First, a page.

To appreciate Molière's comic genius you should probably see the plays performed. Reading them, you can get the idea they're lightweight, not much above the average episode of Three's Company, but with fewer jokes.
You've got to see actors taking full advantage of the satiric nuance in the lines, which you might otherwise read over too quickly. You've got to get the full satirical impact of his plots that can be summarized too easily in modern high-concept style: "a crass merchant looks ridiculous as he takes on airs of being a gentleman", or "a religious hypocrite schemes to take advantage of a deluded friend", and so on.
His first short play to draw attention, Les Précieuses ridicules (1659, translated into English variously as Such Foolish Affected Ladies, The Affected Damsels, The Precious Maidens Ridiculed and The Pretentious Ladies) might further this impression if you happen to read it first in a Molière collection, as it is rather superficial. But the central idea of the drama, the puncturing of social pretension, would flower to great effect in the works to come.
Jean-Baptiste Poquelin was born in Paris but adopted the name of Molière as a young man when he left the French capital to tour the provinces as an actor and director in The Illustrious Theater, a company he had founded with his lover and her brother. He also began writing during these years. Eventually they returned to Paris where they bombed for another two years but in they won royal favour with one of the early light plays Molière wrote and performed in: The Doctor in Love (1658, but now lost). This established him as a popular playwright.
"Established" is perhaps the wrong word, as over the next thirteen years he was constantly at odds with the religious and aristocratic establishment who repeatedly shut down his irreverent plays, and even the theatres they played in. He suffered great personal and professional ups and downs during this time also, yet he maintained a fierce work schedule as actor, director and playwright. He also kept his popularity with the public and—fortunately for his survival—with the ruling monarch, Louis XIV, the revered Sun King.
Over the last thirteen years of his life he wrote and directed twenty-nine plays, including numerous works that have become classics and have influenced playwrights ever since—a pace of achievement equalled perhaps only by Shakespeare's two productive decades.
To accomplish this amid his political and personal hardships, Molière often recycled his jokes and the elements of his plots. Similar characters seem to pop up repeatedly in different guises—you'll notice the characters in Tartuffe even have identical names and roles to those in The Miser four years later. Nonetheless each play presents the characters with subtle differences and each is a masterly entertainment and satire in its own way.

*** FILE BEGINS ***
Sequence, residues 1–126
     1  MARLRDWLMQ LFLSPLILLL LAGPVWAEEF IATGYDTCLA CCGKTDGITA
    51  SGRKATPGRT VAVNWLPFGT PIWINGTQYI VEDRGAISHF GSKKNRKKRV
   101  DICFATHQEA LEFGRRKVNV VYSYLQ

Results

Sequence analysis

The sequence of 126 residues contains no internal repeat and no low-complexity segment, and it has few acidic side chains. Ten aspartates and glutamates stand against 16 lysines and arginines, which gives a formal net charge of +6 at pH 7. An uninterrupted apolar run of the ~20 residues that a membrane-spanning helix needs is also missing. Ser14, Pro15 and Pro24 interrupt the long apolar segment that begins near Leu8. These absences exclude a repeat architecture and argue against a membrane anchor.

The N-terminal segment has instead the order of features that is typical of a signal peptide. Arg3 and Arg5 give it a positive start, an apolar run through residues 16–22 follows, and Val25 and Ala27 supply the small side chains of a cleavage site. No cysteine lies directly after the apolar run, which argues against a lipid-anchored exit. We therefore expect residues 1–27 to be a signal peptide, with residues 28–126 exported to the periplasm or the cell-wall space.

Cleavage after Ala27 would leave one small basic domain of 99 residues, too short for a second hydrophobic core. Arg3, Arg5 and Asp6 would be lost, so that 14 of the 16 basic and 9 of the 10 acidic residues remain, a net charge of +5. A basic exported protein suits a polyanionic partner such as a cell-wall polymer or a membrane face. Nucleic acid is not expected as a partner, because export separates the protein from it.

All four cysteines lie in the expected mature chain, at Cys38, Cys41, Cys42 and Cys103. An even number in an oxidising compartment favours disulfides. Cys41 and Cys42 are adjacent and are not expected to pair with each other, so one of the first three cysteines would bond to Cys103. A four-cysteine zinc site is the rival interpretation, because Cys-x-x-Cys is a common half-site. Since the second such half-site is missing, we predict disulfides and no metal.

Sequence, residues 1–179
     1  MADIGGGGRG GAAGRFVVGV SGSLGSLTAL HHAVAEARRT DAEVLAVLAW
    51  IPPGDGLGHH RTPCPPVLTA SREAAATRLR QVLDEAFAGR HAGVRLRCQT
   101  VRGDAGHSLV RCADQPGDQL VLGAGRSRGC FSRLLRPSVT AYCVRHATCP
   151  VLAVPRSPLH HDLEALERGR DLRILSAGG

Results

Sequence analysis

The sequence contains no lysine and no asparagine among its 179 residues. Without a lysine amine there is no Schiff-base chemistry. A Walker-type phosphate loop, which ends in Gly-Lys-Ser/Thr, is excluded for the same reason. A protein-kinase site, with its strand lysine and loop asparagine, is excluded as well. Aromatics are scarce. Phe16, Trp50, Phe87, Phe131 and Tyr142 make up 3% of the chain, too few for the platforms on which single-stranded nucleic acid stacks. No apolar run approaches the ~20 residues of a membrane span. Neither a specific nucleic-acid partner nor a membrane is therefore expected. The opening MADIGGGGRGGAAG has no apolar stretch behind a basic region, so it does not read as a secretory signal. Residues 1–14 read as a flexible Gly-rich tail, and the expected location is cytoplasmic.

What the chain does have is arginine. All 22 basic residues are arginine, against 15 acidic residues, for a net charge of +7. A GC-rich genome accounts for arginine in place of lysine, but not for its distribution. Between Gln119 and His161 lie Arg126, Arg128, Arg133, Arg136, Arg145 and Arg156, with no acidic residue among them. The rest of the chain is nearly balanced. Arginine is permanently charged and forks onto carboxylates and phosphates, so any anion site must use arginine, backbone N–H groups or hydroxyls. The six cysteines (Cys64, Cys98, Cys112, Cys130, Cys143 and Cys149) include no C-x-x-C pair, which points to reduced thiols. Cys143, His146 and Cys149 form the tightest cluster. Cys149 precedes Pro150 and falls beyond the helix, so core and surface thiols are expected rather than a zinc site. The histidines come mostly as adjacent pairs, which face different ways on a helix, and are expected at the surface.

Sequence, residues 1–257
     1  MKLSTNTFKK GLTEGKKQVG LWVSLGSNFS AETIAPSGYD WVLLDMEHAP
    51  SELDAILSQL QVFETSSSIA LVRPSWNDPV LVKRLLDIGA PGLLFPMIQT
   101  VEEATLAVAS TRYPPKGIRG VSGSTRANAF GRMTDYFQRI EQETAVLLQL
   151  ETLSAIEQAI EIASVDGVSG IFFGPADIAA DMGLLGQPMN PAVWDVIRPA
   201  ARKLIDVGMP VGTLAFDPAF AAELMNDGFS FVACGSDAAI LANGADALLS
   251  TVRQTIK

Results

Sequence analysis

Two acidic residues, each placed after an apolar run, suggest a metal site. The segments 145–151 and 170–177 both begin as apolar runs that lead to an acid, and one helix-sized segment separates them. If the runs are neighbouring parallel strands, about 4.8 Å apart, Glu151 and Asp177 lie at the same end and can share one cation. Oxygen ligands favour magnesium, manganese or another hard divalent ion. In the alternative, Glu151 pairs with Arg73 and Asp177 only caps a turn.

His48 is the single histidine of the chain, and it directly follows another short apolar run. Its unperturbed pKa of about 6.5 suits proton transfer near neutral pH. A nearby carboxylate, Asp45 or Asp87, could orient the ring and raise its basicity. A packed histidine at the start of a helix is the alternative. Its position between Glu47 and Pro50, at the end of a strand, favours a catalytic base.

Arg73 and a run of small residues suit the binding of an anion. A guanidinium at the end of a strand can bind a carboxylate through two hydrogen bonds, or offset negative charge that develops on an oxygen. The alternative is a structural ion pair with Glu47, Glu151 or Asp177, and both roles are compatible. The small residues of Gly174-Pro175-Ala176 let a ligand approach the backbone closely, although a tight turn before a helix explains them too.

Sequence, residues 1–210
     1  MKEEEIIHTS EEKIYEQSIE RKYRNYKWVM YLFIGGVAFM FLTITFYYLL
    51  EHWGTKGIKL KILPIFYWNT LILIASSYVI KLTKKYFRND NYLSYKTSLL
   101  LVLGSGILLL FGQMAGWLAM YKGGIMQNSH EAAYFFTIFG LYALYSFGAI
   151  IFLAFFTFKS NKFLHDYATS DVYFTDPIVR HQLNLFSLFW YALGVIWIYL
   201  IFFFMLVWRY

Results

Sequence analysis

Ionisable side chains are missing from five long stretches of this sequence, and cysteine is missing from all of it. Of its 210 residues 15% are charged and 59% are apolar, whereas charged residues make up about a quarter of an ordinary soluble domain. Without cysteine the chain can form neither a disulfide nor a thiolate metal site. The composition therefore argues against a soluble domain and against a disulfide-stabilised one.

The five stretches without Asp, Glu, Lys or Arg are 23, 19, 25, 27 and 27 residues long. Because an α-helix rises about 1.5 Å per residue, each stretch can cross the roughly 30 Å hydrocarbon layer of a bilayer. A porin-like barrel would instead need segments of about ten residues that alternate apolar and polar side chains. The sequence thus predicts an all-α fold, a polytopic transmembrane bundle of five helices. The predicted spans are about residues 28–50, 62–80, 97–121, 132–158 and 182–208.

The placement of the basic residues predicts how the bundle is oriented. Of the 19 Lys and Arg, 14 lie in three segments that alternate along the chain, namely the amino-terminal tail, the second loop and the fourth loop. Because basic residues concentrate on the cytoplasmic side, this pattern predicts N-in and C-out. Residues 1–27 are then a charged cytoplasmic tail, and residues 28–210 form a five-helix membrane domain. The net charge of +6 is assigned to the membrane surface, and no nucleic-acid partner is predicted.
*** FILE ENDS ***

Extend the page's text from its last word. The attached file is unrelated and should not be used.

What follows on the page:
Among the first plays to show Molière as a more serious satirist are The School for Husbands (1661) and The School for Wives (1662). They still rely greatly on farce for their entertaining effects, but may be seen as intermediate steps between Les Précieuses ridicules and what have become known as the "high comedies" to come.
Such as Tartuffe (1664), the classic Molière satire on hypocrisy in which a character uses the cover of religion for material gain. It was banned for five years in Paris.
At the highest level is The Misanthrope (1666). It has become known as Molière's most sophisticated play but at the time it was one of his least popular productions. In it he abandons broad comedy and romantic intrigue to present a more subtly witty and disturbing drama. More than a century after its debut, the play became recognized as revolutionary and today it's one of Molière's most popular dramas, a masterpiece combining tragedy and comedy, comparable to Shakespeare's "dark comedies", such as The Merchant of Venice or The Tempest.
The Doctor in Spite of Himself (1666) is a throwback to the farces and may have been a pastiche of some much earlier dramatic pieces by Molière. It might have been produced at this time to win back an audience for the more difficult Misanthrope. But it stands on its own as straight-ahead comedy, including some hilarious satire on the practice of medicine.
The Miser (1968) is the last of Molière's plays to mock the father of beleaguered and marriageable children, this time for his avarice.
If you've studied French, you probably know Le Bourgeois Gentilhomme, (1670) as it's the one that schools like to teach to Anglophones. It's often translated as The Would-Be Gentleman, The Middle-Class Gentleman or The Tradesman as Gentleman (as if the more pointed The Bourgeois Gentleman might sound too political). It's a wickedly funny take on social ambitions in the French bourgeoisie...I mean, French middle class.
The Imaginary Invalid (1673), also known as The Hypochondriac, is another and sharper attack on the medical profession, as a hypochondriac schemes to get himself free doctoring by marrying his unwilling daughter to a medical student but ends up being admitted to the profession himself amid ridiculous pomp and Latin-sounding gibberish.
Coincidentally Molière himself was suffering a genuine lung ailment at this time. There's a great story that his wife and friends urged him to cancel his performance of the title role in The Imaginary Invalid, but he answered, "There are fifty poor workers who have only their daily wage to live on. What will become of them if the performance does not take place?"
During the play he had a hemorrhage and later that night he died.